“As far as the induction phase, yes, you can be too aggressive and you can have a tremendous amount of lull or lag if you try to induce ketosis too quickly. It all depends on an individual’s tolerance, like anything else. So I usually induce my patients slowly into this modified ketogenic diet, but the same applies for a ketogenic diet. You would want to restrict carbohydrates in a decremental fashion, over a week, over 10 days, even longer than that, depending on your tolerance, and ultimately get down to your goal of 20-25g of carbohydrates per day. It would be too aggressive or too much if you did it any faster or you were intolerant to it.
That factor is one of the main reasons why people quit – the high attrition rate with going keto. Individuals tend to fall off when they experience that lull. That lull has to do with the fact that the metabolism is shifting over from one that normally uses glucose and carbohydrates to one that is reliant on primarily fats as a fuel source. What you have to do to avoid that problem is just go really, really slow and slowly induce the biochemical pathways that allow you to better use fat, as opposed to using sugar or glucose as an energy source.
The other thing that falls into that category of being too much in the context of keto, is what I alluded to earlier, which is the potential muscle loss while an individual is on a ketogenic diet, or even on a modified ketogenic diet. Pay close attention to this – you can lose muscle while you’re on a ketogenic diet even though ketones themselves have anti-catabolic effects. If you know people that wanted to lose a lot of body fat – this is outside the realm of bodybuilding – if you know someone who went on a ketogenic diet because they were morbidly obese, a lot of times when you see them at a later date, say six months later, they’ve lost not only a lot of fat, but they’ve also lost a lot of muscle.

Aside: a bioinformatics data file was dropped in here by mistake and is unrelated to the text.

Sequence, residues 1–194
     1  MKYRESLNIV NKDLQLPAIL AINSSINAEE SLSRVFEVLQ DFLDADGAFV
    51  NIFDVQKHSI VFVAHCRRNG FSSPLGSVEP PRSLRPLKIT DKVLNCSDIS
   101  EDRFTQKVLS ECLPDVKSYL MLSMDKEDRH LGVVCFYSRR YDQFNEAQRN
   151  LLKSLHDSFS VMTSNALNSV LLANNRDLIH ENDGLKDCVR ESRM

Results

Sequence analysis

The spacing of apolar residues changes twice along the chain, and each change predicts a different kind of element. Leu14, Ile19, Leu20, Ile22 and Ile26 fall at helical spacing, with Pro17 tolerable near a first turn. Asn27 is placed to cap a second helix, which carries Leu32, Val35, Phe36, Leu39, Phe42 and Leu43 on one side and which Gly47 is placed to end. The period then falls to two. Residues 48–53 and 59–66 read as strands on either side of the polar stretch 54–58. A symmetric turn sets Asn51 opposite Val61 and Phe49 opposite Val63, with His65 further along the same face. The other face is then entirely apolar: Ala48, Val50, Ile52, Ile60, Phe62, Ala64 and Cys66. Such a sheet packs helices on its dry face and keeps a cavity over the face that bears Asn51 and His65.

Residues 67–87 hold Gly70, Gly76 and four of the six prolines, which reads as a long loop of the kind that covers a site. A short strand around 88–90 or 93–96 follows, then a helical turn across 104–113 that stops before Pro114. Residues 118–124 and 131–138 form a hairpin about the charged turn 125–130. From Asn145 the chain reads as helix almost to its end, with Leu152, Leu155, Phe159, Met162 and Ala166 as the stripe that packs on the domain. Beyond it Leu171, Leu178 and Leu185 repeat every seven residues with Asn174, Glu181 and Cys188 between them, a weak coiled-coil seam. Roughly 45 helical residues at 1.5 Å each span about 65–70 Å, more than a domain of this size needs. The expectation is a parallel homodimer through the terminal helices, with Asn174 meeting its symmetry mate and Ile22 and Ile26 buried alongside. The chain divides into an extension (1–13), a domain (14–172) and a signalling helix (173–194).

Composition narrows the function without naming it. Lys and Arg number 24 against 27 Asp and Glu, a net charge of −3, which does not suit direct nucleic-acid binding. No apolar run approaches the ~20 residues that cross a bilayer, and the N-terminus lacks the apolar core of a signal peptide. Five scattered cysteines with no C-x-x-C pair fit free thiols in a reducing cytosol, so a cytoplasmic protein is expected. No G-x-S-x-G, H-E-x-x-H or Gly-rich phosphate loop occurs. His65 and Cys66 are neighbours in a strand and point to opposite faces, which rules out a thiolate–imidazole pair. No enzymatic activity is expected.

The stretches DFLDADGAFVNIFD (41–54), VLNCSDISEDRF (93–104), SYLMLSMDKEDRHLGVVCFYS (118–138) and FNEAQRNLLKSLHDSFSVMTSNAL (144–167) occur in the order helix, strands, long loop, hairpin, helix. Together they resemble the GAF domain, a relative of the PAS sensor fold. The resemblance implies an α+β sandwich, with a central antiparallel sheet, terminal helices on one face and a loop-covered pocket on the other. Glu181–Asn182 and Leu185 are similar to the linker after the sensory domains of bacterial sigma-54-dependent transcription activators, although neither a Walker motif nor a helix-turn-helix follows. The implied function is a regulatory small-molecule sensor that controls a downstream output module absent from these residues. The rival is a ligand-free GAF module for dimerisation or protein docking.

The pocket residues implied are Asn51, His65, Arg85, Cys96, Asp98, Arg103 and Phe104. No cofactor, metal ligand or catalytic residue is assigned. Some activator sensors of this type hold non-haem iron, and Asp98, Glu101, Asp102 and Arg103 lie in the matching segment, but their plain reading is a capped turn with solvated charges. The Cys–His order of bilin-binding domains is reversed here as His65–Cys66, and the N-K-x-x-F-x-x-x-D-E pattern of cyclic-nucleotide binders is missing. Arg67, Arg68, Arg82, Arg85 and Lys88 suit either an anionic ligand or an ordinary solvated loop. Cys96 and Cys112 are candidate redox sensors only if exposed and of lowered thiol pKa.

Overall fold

You have to be very, very careful about being too aggressive during your carbohydrate restriction. Whether that means getting on an InBody scale, or using calipers or getting a DEXA study and working the math and figuring out what your skeletal muscle mass is, it would be worthwhile to do something like that because there’s a tendency to shed muscle. So you may find that the “sweet spot” for you is, instead of 25g of carbohydrates a day, you may be in ketosis (.5 millimolars or slightly greater) if you’re running at 50g of carbohydrates a day. And some people can stay in ketosis at 50g, and they’re shedding fat but they’re not shedding as much muscle because their insulin signal is slightly higher by virtue of the higher carbohydrate load. The other thing that you can do to temper this a little bit, is take your BCAAs and those have anti-catabolic effects.
So yes, people can go to extremes and go to 5g of carbohydrates a day, but I can assure you that if that happens, outside of any other factors, you’re going to end up losing a significant amount of muscle mass over time. You have to be careful. Do something, intervene, then recheck. Make a little modification, then recheck. That’s what we do in my office, it’s the exact same thing. We have a scale and I can tell whether someone is shedding muscle vs. shedding fat. So it’s very, very important that if you don’t have a scale in your home like that, and a lot of these scales are not so great, go to a physician that has access to a scale like that or go get a DEXA study and they’ll be able to tell you your body fat percentage and skeletal muscle mass.”
Dr. O is a Team BPI Sports’ fitness and nutrition expert.